The station has a toilet and a small car park with about 60 spaces, and is the only station on the Victoria Line to feature a lift as well as escalators. The lift lies at the north end of the platforms, and although it is well signposted, it is not well frequented except perhaps by those travelling to Stansted with heavy luggage. Above ground, The Hale is also a reasonably major transport hub, featuring a (usually) well-stocked taxi rank4 and a decent-sized bus station. A large retail park is just a short walk from the station, and includes various fast food restuarants, cut-price supermarkets, electrical and computer superstores, motor parts, DIY and home furnishing stores.
This station lies at the northern end of Seven Sisters Road, and is next to the National Rail station which serves trains between Liverpool Street and Enfield, currently run by 'one' trains. It is advisable to alight here from the National Rail trains and take the Victoria Line into central London instead of carrying on to Liverpool Street. The platforms' tiled walls are decorated with the 'seven sisters', a group of seven trees in the local area. Seven Sisters is the nearest tube station to White Hart Lane, the home ground of Tottenham Hotspur FC, although fans have to change here and take the overground line northwards towards White Hart Lane station. The area around the station at the bottom of Tottenham High Road comes under the heading of 'best avoided'. Due to the fact that the entire Victoria Line is under ground, a branch running north from Seven Sisters station leads off to the surface, towards the Northumberland Park Depot. This means that some northbound trains terminate here, and there are therefore two northbound platforms.
Connected to National Rail, this station is essentially a y-shaped walkway through from the bus depot on one side to Wells Terrace and Seven Sisters Road on the two other sides, with the steps down to the platforms for the Victoria and Piccadilly lines on either side of the main tunnel. The northbound platforms are next to each other to allow easy interchanges, as are the southbound platforms, making this station more favourable to change at than Green Park or King's Cross St. Pancras.
There are also spiral staircases leading up from the tube platforms to the National Rail platforms. The station serves WAGN trains from Moorgate and King's Cross towards the north. If you look at the Victoria Line platforms when empty, it becomes apparent that the platform slopes downhill towards the north, keeping with the shape of the line. This is due to the fact that these platforms were originally built as a terminus for the Northern Line branch from Moorgate, most of which became the British Rail Great Northern Electric suburban service5 in 1904. The station was also part of the failed Northern Heights scheme to electrify a now-disused line towards Highgate, and the viaduct for this line has since been demolished6.
The pistols depicted on the decorative tiling on the Victoria line platforms reflect the fact that the nearby Hornsey Wood was traditionally a popular place for duels to take place. The station is a short distance northwest of Highbury, the home ground of Arsenal FC, and so the station is quite busy on match days. As the station is situated next to Seven Sisters Road, it is close to the large number of flats and houses which mingle with a great many public houses, pound shops and off licenses to form the seedy-but-cheerful western end of Islington borough.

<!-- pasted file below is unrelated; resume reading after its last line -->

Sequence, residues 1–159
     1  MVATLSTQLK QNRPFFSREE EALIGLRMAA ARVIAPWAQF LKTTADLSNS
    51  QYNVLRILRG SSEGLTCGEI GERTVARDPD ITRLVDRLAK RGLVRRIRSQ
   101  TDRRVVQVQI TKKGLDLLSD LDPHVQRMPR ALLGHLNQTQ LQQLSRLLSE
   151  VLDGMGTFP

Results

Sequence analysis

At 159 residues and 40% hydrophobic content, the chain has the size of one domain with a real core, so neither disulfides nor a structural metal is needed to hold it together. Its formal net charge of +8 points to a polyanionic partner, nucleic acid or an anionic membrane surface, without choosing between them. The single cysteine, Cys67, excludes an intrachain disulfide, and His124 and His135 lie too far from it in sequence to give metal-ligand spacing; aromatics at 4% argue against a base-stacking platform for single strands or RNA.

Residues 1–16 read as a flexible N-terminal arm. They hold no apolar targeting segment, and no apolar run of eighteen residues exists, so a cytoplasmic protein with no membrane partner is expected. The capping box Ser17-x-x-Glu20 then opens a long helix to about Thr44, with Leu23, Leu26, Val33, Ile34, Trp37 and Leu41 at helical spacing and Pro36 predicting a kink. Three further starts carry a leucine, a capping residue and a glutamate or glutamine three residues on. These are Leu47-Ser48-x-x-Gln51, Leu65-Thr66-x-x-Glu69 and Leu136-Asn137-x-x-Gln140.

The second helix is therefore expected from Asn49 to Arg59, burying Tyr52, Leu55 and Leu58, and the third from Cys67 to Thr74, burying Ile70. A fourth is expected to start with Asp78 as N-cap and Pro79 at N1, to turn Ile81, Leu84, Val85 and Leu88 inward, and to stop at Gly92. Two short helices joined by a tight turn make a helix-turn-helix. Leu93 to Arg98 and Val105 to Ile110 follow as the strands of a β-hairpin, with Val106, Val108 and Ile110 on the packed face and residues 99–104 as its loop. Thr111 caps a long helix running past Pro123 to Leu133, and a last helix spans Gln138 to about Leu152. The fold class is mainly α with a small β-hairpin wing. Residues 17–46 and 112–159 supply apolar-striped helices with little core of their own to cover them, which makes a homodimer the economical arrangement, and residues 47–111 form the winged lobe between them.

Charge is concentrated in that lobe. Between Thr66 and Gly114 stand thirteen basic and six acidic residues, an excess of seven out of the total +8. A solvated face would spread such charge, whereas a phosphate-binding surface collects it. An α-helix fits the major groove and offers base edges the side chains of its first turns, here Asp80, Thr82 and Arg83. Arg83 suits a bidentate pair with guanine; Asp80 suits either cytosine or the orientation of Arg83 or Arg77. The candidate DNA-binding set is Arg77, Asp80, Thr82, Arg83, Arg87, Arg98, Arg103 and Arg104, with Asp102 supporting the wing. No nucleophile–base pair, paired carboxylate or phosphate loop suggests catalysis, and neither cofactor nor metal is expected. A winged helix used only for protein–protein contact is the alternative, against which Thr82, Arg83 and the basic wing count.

Highbury & Islington
This is a station with the Victoria Line and the 'Northern City' National Rail line 7 right next to each other, access to which is by escalators. The station also serves the Silverlink North London line from North Woolwich to Richmond. The station will be one of the nearest to the new Arsenal stadium at Ashburton Grove, along with Holloway Road and Arsenal station itself. Before the Victoria Line was built, an older surface building which lies on the opposite side of Holloway Road was used. This building was in the process of being renovated in 2005 for use in the East London Line extension northwards to a new terminus at Highbury & Islington station.
The station lies just south of Highbury Fields, and football supporters can reach the south end of Highbury stadium by walking up Highbury Hill, or by taking a bus from the north side of Highbury Corner, the road junction just to the east of the station. Buses from here also run in various directions towards Holloway, Hackney, Clapton and Central London. The area around the station consists mainly of flats and houses, but with a large number of shops on Holloway road to the west of the station.
King's Cross St. Pancras
This station serves six lines - Circle, Metropolitan, Hammersmith & City, Northern, Picadilly, Victoria - and is in close proximity to both King's Cross and St. Pancras National Rail stations as well as King's Cross Thameslink station. The original Underground station on the Metropolitan line was built in 1863, and the Piccadilly and Northern lines arrived in 1906 and 1907 respectively. The station was moved westwards in 1941 so that it was nearer to the other lines, and some of the old station buildings were then used for the King's Cross Thameslink. The first Victoria Line trains served King's Cross in 1968 after the second section of the line was opened between Highbury & Islington and Warren Street.